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One Hundred Escapes from the Crypt: A Gamebook Adventurer Adventure

This post includes Amazon affiliate links to the book(s) pictured.

I’ve been following a new gamebook blog, The Life & Times of a Gamebook Adventurer, via RSS, of course, so when I tried to google him I came up with Gamebook Adventures instead, and that turned out to really be Tin Man Games. After a short detour into their humble bundles, I got back to the blog and its review of a new paperback gamebook, Escape from the Crypt, a short Fighting-Fantasy style RPG adventure of only 100 paragraphs.

Googling it, I found that Amazon really, really wanted to sell me the Kindle version instead. At first I thought it was because I’m not in the UK, but I later came to the conclusion that the books have somehow become separated from each other and the paperback doesn’t know to list the Kindle as a second format, nor vice versa.

I was going to leave the reviewing to the doughty Gamebook Adventurer and only peek at the Amazon previews to scope out the technology as I have before, but I screeched to halt at the second sentence of paragraph 1:

How long was it until your fellow captive lay his final breath unto the world.

Neither the grammar nor the punctuation improves in the rest of paragraph 1, but Gamebook Adventurer assures me that the descriptions are lively and engaging enough. Sadly I don’t have my Kindle Unlimited trial any longer so I can’t verify that the paragraph numbers (the standard in gamebooks of the RPG adventure sort) are actually linked. They do seem to be trying, if failing, to be links in the previews. As the Kindle version of the book has no reviews, I admit I’m a little dubious about it.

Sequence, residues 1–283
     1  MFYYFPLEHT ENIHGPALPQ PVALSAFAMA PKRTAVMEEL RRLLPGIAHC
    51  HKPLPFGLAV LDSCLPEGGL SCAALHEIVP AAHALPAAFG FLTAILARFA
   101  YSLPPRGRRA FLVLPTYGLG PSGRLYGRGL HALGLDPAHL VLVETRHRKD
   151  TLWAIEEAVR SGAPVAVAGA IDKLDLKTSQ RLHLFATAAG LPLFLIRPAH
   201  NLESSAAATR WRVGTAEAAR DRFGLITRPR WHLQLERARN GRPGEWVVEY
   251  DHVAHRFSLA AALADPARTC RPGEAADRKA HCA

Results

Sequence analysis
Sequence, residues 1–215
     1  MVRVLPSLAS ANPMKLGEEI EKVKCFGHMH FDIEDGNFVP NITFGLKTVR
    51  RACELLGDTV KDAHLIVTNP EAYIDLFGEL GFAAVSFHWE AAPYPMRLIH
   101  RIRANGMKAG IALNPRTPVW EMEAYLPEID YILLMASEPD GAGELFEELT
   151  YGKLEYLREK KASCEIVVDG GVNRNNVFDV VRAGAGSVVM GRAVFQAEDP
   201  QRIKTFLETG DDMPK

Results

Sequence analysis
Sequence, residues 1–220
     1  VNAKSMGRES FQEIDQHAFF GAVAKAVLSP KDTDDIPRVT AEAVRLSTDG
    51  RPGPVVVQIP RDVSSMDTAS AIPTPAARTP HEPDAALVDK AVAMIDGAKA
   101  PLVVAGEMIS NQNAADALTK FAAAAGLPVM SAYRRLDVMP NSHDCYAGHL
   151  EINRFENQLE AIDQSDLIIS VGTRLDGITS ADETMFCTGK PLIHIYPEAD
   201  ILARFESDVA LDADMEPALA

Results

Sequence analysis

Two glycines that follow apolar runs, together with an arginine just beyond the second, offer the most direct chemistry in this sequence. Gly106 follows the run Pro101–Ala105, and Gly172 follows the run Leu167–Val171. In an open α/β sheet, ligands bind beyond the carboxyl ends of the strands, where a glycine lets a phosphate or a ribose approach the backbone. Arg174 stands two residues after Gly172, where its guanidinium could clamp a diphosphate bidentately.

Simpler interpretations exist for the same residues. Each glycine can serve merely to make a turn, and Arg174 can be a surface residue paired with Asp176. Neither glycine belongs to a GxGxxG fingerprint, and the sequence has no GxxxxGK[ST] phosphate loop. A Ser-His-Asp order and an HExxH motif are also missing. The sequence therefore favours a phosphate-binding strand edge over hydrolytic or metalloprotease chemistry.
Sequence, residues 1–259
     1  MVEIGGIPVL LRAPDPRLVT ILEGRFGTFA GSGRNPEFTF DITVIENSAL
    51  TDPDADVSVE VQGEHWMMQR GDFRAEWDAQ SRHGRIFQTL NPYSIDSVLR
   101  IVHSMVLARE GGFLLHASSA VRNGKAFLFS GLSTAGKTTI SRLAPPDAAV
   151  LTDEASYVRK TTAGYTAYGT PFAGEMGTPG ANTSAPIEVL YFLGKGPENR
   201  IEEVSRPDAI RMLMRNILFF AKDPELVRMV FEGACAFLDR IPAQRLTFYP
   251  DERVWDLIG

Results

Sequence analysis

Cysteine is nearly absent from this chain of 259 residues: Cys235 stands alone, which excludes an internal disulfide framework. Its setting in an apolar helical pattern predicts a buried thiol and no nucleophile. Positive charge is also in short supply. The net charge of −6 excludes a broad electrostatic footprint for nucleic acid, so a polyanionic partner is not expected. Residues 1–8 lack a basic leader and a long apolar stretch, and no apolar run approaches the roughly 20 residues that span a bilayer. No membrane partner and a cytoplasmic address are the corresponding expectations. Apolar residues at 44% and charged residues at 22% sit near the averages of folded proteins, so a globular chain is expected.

I skimmed along to “paragraph” 9, which, perhaps as part of the effort to hold the paragraph count to 100 includes a lot of italicized internal logic about rolling for luck and only having to fight the monster(s) at the end of the “paragraph” if your luck fails. The battle itself is also heavy with internal logic. While I’ve seen short sections of such logic in old gamebooks, paragraph 9 seems a pretty extreme example of the approach, and is begging to be separated into more paragraphs for simplicity’s sake.

Note that book 1 is not the first book of this gamebook series; volume 0, The Last Evil, is a more united paperback/kindle apocalyptic adventure that’s right up my alley but as yet unreviewed. A third volume (#2), The Crypt of the Vampire, is planned for July (in Kindle format only so far):